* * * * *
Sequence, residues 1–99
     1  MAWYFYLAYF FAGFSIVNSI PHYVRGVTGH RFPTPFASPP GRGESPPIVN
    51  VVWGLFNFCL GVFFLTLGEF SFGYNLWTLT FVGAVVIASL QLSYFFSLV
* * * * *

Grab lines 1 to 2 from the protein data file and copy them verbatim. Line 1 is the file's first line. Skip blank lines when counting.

Sequence, residues 1–99
     1  MAWYFYLAYF FAGFSIVNSI PHYVRGVTGH RFPTPFASPP GRGESPPIVN